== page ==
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NIYONA Fashion, Design - 01 December 2016

Geert de Taeye

Co-founder of the Niyona studio, Nina Bodenhorst could have simply churned out yet another brand of bags. Teaming up with her life partner and a handful of external partners, she went the extra mile. Spotlight on a concept that captures the zeitgeist.

After graduating in industrial design and training in leather craftsmanship, Nina Bodenhorst cut her teeth as a designer with the Belgian fashion houses Delvaux and Nathan-Baume. Very quickly, this young Belgian knew that she wanted more: her own brand - and a studio – bearing her name. In 2010, she put her project into action and launched Niyona. Her trademark: graphic and very luxurious pieces - mainly bags and travel accessories - that are as functional as they are aesthetic. Three years later, in 2013, before craftsmanship became a buzzword, as well as the preferred marketing tool of luxury brands in search of extra credibility, Nina and her life partner Jonathan Wieme launched Hello James (named after their son), a studio that draws you into its white and minimalist interior, located in the heart of Brussels, on Rue de Laeken.

Global studio

Very quickly, the studio became a showcase for the brand, but also a creative playground and an exchange platform. Nina sells her own products, as well as those of other creators, organises workshops open to the public while developing exclusive products for other companies. Nina Bodenhorst: "Since the beginning of our adventure, we have positioned ourselves as a design studio, but when we took the decision, in order to be consistent with our objectives, to change the name from Hello James to that that of our brand, Niyona, a growing number of companies began to take an interest in us and to push open the door of the studio to entrust us with their projects. We are currently working with several restaurants, including Bon-Bon in Brussels, for whom we have created cutlery cases, as well as other pieces of tableware. We have also made cases for the spectacle manufacturer Ludovic, leather aprons for the Vedett brewery and for the media-friendly butcher Dierendonck in Ostend and even a Pétanque case for the Maison Vervloet Objects Collection. We oversee the projects from A to Z: from the development of a graphic chart, to a mood board and the follow-up of production, and are also involved in the positioning of the product, pattern design and the search for the tools and techniques best suited to the project."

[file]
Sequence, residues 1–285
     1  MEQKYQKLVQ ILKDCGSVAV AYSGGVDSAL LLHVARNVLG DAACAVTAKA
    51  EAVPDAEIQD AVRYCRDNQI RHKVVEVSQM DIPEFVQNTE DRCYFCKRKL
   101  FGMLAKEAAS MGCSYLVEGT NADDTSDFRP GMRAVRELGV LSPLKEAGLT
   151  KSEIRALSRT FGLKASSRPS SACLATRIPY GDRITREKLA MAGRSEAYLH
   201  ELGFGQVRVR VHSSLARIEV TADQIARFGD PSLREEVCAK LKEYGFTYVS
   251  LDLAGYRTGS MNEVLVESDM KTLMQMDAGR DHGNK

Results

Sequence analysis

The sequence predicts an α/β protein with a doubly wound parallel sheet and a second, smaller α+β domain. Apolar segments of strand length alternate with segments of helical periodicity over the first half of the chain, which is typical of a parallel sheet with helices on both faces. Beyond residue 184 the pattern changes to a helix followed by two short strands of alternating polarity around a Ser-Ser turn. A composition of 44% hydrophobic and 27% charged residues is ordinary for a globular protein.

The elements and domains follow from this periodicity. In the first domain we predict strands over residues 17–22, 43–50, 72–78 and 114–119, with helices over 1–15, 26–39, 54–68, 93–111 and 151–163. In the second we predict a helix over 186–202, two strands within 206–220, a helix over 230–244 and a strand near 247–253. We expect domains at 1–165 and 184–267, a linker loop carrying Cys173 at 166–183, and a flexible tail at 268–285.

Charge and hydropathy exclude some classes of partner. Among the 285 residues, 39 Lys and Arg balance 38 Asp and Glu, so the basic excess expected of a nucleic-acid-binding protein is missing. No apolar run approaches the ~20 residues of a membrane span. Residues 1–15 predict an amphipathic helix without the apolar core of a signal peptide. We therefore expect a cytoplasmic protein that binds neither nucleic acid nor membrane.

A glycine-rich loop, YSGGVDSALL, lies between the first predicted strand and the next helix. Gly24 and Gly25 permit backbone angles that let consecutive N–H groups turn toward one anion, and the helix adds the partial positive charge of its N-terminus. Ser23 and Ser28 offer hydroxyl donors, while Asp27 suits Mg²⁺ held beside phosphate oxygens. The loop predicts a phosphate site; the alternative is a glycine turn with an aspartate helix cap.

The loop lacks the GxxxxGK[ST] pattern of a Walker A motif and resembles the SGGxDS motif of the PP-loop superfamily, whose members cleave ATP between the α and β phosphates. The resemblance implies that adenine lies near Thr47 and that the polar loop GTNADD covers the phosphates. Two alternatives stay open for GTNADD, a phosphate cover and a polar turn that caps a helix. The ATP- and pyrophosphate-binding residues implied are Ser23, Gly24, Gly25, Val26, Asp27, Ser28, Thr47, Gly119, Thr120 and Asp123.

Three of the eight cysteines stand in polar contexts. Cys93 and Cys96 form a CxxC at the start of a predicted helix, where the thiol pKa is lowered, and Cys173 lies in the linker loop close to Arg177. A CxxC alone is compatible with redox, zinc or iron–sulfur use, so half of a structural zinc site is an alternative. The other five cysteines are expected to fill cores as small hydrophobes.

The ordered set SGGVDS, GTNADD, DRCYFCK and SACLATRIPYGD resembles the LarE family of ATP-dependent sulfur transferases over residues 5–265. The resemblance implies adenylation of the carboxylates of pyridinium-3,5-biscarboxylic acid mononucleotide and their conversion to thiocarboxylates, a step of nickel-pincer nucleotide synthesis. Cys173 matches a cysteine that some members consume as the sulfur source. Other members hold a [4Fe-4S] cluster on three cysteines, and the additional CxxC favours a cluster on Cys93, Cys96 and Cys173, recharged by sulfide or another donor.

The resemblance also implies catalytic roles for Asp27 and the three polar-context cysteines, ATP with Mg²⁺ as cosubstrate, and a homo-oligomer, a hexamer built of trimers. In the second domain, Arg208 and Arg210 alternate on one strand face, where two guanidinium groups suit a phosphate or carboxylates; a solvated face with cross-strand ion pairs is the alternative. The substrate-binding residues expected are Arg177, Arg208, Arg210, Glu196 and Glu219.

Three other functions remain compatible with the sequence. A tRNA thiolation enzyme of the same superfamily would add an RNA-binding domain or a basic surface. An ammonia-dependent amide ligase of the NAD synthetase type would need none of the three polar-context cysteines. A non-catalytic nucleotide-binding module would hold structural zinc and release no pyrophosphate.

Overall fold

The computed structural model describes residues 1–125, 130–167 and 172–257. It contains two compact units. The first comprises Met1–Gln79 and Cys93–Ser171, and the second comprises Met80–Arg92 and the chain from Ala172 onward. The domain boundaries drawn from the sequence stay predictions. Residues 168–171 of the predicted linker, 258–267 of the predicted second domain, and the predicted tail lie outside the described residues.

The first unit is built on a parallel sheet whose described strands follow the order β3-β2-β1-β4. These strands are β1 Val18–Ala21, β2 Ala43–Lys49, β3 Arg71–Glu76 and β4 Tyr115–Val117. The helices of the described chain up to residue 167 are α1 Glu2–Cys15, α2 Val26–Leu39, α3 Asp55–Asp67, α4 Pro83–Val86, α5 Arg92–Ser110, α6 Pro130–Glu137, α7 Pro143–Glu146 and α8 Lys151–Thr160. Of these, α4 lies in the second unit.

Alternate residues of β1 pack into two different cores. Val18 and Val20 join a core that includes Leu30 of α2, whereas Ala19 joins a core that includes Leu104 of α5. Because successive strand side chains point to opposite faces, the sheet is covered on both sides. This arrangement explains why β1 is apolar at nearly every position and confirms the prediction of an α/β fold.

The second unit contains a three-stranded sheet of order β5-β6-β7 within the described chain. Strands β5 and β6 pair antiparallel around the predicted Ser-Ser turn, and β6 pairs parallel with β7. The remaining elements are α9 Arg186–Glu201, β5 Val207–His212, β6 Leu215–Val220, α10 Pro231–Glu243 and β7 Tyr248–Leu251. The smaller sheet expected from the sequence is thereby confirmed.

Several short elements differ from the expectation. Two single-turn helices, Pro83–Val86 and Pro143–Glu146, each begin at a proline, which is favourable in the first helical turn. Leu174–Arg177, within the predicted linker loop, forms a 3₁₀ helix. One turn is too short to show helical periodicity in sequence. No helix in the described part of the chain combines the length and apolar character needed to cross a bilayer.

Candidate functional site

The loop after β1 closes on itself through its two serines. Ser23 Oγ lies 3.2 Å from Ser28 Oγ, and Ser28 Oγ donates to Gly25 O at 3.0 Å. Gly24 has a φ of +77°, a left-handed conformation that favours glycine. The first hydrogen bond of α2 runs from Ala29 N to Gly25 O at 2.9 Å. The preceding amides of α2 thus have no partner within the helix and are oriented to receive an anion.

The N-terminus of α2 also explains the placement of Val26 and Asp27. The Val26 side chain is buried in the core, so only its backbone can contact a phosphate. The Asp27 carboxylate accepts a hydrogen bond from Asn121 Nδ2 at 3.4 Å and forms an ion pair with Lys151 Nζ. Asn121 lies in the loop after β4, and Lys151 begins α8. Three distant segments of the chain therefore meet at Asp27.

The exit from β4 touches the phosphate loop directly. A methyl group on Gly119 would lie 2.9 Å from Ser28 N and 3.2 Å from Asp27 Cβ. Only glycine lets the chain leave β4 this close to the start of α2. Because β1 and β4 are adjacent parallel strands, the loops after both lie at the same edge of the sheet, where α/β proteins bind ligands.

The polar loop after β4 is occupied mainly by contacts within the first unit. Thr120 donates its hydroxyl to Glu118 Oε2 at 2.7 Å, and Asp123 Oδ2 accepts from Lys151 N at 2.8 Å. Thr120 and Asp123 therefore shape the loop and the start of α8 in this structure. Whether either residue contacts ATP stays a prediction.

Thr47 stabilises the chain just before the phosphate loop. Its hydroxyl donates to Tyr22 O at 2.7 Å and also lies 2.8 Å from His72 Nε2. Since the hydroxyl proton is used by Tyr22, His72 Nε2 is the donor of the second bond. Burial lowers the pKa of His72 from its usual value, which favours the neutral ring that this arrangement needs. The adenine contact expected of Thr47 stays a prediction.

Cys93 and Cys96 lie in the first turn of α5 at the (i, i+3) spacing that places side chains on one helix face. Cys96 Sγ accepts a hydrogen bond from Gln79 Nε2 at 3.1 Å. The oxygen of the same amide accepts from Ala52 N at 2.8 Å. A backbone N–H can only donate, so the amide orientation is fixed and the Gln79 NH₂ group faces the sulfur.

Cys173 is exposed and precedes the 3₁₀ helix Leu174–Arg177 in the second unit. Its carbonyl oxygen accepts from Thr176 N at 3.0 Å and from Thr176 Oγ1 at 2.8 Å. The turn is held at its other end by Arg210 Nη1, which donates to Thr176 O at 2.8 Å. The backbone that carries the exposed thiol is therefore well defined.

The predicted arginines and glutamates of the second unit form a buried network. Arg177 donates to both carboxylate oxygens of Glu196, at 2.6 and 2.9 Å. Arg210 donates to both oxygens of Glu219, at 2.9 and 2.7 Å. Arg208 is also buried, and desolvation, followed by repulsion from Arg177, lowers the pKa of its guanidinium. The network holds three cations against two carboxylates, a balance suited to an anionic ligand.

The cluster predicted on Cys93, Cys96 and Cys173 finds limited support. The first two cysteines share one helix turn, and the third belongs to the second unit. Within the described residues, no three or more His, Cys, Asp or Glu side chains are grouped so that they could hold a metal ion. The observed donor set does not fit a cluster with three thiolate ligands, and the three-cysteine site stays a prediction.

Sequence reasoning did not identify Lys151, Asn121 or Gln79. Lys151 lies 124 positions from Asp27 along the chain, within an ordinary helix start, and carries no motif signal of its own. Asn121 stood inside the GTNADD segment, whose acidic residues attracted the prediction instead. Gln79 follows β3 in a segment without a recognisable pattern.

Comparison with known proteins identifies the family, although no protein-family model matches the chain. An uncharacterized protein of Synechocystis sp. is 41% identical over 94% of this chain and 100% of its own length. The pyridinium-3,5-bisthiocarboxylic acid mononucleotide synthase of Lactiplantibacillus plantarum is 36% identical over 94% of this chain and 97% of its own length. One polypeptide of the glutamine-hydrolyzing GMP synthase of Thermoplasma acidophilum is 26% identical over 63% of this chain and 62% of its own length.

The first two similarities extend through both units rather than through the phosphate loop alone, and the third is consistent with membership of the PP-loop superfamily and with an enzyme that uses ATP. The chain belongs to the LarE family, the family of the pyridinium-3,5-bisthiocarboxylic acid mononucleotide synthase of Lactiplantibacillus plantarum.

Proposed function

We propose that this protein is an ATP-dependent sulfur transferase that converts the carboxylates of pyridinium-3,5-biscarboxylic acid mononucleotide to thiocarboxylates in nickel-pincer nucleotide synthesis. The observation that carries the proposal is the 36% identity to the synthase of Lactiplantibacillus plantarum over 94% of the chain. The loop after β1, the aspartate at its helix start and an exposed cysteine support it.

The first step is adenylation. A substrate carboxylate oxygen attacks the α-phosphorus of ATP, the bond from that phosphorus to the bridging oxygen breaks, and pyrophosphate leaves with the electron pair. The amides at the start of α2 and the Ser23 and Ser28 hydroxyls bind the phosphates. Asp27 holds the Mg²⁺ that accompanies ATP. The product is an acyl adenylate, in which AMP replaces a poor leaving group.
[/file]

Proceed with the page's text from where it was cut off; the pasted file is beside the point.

Transmission and feminism

Since last year, besides her personal collections and her many collaborations, Nina Bodenhorst is also part of the panel of experts that trains the students of the Luxury Management section, a training course organised in Brussels by the Modesign Academy. As part of this curriculum, Nina transmits her know-how as industrial designer and leather craftsman through workshops in leather goods. Nina Bodenhorst: "When it comes to luxury, it's important that young designers who want to venture in this direction understand what justifies the prices in this niche. Craftsmanship, noble materials ... All this comes at a price. This training creates this awareness among students. Since having James, I also want to show these young students that a woman can be accomplished both on a private and a professional level. This aspect is very close to my heart. Today, crafts and local production are popular, but for us these two aspects are an integral part of our DNA. Our profession is hinged around excellence and we are proud of it."

Further information

Niyona
Rue de Laeken, 86,
1000 Brussels
www.niyona.be



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